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Mahabharata of Krishna-Dwaipayana Vyasa
translated by Kisari Mohan Ganguli

Mahabharata of Vyasa (Badarayana, krishna-dwaipayana) translated by Kisari Mohan Ganguli is perhaps the most complete translation available in public domain. Mahabharata is the most popular scripture of Hindus and Mahabharata is considered as the fifth veda. We hope this translation is helping you.

Section CCLV

"Bhishma said, 'Do thou, O son, O sinless one, listen once more, with feelings of great pride, to the words that fell from the lips of the Island-born Rishi on the subject of the enumeration of the entities. Like unto a blazing fire (for having transcended all ignorance), the great Rishi said these words unto his son who resembled a fire wrapped in smoke. 3 Instructed by what he said, I also, O son, shall again expound to thee that certain knowledge (which dispels ignorance). The properties possessed by earth are immobility, weight, hardness, productiveness, scent, density, capacity to absorb scents of all kinds, cohesion, habitableness (in respect of vegetables and animals), and that attribute of the mind which is called patience of the capacity to bear. The properties of water are coolness, taste, moisture, liquidity, softness, agreeableness, tongue, fluidity, capacity to be congealed, and power to melt many earthly products. 4 The properties of fire are irresistible energy, inflammability, heat, capacity t o soften, light, sorrow, disease, speed, fury, and invariably upward motion. The properties of the wind are touch that is neither hot nor cool, capacity to assist the organ of speech, independence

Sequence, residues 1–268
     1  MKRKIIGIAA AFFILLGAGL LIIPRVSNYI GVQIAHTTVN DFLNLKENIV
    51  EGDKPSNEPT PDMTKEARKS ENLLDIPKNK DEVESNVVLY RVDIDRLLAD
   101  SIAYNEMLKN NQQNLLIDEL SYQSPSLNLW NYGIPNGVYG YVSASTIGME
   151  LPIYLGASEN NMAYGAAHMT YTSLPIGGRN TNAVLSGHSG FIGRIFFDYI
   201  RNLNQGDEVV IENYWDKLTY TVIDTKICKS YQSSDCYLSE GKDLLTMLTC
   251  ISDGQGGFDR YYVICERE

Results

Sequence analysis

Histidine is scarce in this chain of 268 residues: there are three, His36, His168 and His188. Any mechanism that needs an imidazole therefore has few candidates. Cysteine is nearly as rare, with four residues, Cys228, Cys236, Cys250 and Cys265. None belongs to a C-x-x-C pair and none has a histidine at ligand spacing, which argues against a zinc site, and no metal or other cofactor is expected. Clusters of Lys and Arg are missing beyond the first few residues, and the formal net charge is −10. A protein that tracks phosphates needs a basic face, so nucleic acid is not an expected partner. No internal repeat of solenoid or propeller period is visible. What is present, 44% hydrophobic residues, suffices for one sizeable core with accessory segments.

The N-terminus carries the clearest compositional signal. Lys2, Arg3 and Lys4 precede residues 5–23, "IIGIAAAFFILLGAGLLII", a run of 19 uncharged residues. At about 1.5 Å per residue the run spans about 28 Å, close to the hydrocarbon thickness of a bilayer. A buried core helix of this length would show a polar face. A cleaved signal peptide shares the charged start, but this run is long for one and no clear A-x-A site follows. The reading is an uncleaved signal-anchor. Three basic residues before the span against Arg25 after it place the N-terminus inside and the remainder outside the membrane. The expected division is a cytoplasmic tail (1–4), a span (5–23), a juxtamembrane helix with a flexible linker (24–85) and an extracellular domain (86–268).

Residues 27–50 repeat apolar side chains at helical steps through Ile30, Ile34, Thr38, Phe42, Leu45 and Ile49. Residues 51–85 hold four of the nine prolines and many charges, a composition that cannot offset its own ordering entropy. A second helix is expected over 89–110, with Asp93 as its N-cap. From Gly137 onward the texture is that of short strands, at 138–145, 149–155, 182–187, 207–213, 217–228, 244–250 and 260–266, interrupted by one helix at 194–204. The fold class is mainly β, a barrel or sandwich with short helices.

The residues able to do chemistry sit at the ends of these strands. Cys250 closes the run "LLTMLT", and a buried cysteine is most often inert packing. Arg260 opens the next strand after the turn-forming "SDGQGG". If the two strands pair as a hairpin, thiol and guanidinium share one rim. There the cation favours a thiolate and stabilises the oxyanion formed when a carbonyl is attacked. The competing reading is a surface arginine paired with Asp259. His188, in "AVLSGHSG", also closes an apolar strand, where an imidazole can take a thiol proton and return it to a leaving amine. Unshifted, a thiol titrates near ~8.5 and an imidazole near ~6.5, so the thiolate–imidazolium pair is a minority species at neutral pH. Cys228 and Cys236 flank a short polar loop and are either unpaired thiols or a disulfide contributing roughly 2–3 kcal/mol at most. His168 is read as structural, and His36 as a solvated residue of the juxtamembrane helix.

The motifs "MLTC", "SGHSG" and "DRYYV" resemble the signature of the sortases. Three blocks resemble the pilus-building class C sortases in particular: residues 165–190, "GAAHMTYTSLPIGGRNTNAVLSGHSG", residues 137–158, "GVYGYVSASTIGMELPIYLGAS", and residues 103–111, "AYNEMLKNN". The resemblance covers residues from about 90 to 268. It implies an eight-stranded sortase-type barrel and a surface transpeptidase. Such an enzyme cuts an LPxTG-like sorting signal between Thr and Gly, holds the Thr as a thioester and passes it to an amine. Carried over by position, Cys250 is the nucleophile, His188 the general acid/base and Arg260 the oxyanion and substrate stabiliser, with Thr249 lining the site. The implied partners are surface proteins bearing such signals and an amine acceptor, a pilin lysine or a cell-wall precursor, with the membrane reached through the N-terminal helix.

p. 219

[paragraph continues] (in respect of motion), strength, celerity, power to assist all kinds of emission or discharge, power to raise other objects, breaths inhaled and exhaled, life (as the attribute of Chit) and birth (including death). The properties of space are sound, extension, capacity of being enclosed, absence of refuge for resting upon absence of all necessity for such refuge, status of being unmanifest, capacity for modification, incapacity for producing resistance, material cause for producing the sense of hearing, and the unoccupied portions of the human body. These are the fifty properties, as declared, that constitute, the essence of the five elementary entities. 1 Patience, reasoning or disputation, remembrance, forgetfulness or error, imagination, endurance, propensity towards good, propensity towards evil, and restlessness,--these are the properties of the mind. Destruction of both good and evil thoughts (i.e., dreamless slumber), perseverance, concentration, decision, and ascertainment of all things resting upon direct evidence, constitute the five properties of the understanding.'

"Yudhishthira said, 'How can the understanding be said to have five properties? How again, can the five senses be spoken of as properties (of the five elementary entities)? Expound to me, O grandsire, all this that seems to be very abstruse.'

"Bhishma said, 'The understanding is said to possess altogether sixty properties, for the understanding includes the five elements. 2 All those properties exist in a state of union with the Soul. The Vedas declare, O son, that the elements, their (fifty) properties (together with the mind and the understanding and their nine and five properties) are all created by Him who is above all deterioration. These (one and seventy) entities, therefore, are not eternal (like the Soul). The theories contradicting the Revelation that have in the previous Vedas, O son, been placed before thee (about the origin of the Universe and its other incidents) are all defective in the eye of reason. Carefully attending, however, in this world to all that I have said unto thee about the Supreme Brahma, do thou, after attaining to the puissance that the knowledge of Brahma offers, seek to win tranquillity of heart.'" 3





 
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